Your Home Plumbing Checklist

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Your Home Plumbing Checklist

You may be a homeowner, but you’re probably not a licensed plumber. Nevertheless, it’s your responsibility to keep up with the maintenance of your home plumbing systems—to spot problems before they get out of hand, to make DIY repairs as needed, and to call in Vancouver plumbing professionals when need be.

As such, it’s vital that you know what to look for in your home—how to inspect the plumbing systems, and what problems you should keep your eyes open for. Use our handy home plumbing checklist to guide your efforts in maintaining your home plumbing systems!

Visual Inspection

To begin with, note that many of the most common home plumbing problems can be identified on sight, making it highly recommended that you conduct a regular visual inspection of the property. Specifically, watch for:

  • Visible signs of leakage on exposed pipes
  • Watermarks surrounding pipes that come through the floor
  • Corrosion (green or brown stains) on copper and bronze pipes
  • Broken or rusted parts in your toilet tank
  • Cracked or broken tile floors, which may suggest pooling water beneath
  • Mildew and mold near your pipes and plumbing fixtures
  • Rust on the hot water heater
  • Cracks or fissures in washing machine hoses

System Testing

Of course, you don’t have to be a trained plumber to spot any of those things, and neither do you have to be a trained plumber to test your plumbing systems—like so:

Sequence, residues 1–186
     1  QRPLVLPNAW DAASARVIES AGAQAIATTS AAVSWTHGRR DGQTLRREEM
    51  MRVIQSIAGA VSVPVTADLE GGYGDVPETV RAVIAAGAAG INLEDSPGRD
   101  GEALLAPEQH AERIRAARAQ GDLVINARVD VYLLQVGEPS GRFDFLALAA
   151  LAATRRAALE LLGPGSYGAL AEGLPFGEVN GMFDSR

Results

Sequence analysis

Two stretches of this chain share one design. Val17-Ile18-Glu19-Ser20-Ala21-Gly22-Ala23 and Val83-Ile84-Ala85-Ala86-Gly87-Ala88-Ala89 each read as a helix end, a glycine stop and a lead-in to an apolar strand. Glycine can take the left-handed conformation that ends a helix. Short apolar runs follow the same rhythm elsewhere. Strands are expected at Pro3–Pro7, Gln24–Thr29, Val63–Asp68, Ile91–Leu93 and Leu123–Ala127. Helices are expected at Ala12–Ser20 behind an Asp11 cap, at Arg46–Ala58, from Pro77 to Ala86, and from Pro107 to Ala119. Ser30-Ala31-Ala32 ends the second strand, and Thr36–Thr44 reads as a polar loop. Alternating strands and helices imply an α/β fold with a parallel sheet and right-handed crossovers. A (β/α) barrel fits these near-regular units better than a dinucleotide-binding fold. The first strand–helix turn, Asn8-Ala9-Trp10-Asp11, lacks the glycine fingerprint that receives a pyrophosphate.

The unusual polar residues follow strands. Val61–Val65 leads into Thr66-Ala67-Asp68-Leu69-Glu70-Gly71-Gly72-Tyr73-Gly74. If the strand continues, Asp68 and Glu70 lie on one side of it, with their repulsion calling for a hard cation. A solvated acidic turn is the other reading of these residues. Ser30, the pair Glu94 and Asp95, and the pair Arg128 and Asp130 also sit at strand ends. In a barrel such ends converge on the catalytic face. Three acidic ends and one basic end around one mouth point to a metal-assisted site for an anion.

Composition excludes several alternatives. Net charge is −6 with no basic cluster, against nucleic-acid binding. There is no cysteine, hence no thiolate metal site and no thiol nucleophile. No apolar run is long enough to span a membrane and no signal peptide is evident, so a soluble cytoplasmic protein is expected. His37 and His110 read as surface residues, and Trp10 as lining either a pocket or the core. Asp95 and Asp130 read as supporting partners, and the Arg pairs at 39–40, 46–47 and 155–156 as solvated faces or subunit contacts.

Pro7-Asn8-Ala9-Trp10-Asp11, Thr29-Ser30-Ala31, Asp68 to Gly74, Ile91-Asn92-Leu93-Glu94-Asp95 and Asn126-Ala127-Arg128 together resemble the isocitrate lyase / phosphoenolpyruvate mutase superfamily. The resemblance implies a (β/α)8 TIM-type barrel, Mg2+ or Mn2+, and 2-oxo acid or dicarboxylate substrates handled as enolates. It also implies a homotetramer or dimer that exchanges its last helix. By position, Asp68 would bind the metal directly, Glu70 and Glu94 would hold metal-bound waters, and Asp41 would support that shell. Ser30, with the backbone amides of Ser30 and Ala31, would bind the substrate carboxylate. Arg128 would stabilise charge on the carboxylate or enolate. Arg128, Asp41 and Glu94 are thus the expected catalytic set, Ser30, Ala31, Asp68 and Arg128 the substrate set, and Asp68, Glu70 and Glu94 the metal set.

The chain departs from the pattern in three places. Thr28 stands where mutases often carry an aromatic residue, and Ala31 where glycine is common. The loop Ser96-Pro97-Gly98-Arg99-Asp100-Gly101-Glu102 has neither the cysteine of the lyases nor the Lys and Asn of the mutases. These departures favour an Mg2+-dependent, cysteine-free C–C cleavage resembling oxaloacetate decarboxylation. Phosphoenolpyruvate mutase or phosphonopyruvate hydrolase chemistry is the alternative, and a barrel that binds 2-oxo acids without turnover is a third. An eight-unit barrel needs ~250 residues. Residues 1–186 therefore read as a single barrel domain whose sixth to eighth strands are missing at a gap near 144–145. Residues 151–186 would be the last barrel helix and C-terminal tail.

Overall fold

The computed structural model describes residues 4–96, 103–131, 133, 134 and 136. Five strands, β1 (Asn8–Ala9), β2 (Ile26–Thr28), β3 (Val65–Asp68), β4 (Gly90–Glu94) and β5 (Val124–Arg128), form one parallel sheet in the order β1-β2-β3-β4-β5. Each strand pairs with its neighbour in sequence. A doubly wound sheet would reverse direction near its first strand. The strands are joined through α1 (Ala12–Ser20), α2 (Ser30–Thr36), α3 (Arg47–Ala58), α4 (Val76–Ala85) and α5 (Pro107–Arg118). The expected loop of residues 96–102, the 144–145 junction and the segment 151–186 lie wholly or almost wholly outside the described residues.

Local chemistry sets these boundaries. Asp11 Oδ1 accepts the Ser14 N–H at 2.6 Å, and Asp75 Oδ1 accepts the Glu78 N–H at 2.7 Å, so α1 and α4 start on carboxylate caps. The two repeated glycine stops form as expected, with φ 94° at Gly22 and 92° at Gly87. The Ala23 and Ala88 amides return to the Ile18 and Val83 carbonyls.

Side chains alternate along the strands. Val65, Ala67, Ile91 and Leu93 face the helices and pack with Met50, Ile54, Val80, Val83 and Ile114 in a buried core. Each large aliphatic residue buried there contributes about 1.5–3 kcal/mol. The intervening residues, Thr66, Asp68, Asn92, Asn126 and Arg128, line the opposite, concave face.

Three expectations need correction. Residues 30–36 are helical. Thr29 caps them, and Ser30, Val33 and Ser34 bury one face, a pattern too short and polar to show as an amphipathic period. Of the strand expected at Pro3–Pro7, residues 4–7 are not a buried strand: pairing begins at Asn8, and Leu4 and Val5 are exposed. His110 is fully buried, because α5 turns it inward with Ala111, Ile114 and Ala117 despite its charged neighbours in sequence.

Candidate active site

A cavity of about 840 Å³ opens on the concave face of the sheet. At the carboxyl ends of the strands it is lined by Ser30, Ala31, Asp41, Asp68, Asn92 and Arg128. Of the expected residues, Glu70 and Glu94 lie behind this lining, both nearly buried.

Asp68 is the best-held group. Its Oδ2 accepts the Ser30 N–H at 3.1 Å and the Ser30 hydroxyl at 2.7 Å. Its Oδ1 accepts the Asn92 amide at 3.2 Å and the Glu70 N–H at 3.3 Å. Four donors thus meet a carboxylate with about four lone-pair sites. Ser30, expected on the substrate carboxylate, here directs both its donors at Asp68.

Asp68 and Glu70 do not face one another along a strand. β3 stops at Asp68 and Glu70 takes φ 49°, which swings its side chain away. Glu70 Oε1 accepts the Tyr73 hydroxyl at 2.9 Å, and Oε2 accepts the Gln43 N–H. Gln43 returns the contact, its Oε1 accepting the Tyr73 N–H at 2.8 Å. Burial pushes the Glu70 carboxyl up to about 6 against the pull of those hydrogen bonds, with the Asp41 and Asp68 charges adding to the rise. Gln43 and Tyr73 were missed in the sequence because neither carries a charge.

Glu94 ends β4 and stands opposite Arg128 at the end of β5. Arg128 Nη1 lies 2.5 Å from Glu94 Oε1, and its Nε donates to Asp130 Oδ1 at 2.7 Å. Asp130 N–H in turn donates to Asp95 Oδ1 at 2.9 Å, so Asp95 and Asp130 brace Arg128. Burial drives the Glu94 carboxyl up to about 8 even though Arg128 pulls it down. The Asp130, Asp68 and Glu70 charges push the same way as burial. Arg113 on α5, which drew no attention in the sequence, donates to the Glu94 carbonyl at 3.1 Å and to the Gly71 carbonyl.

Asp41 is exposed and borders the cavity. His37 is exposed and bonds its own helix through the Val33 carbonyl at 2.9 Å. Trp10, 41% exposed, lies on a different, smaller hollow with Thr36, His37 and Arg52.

• Check all showers and faucets for any noticeable decrease in water pressure—and take off shower heads to clean out sediment if there does seem to be a drop in pressure
  • Test the drainage speed of tubs and sinks; a slow-to-drain tub or sink points toward a clog somewhere in the line
  • Flush all the toilets in your home, watching to see that water swirls down the drain and that the bowl is then replenished fairly promptly
  • See if you can shake or wobble the toilet; if the whole toilet seems to wiggle, it may mean there is a leak and some possible water damage to address
  • Drain the water heater and remove any sediment that you see; a large amount of sediment means the unit is not functioning as intended
  • Finally, turn off all faucet handles completely and wait around for a moment to spot potential leaks

Should any of these simple tests reveal problems, you can rest assured that ace Vancouver-area plumbers are only a phone call away!

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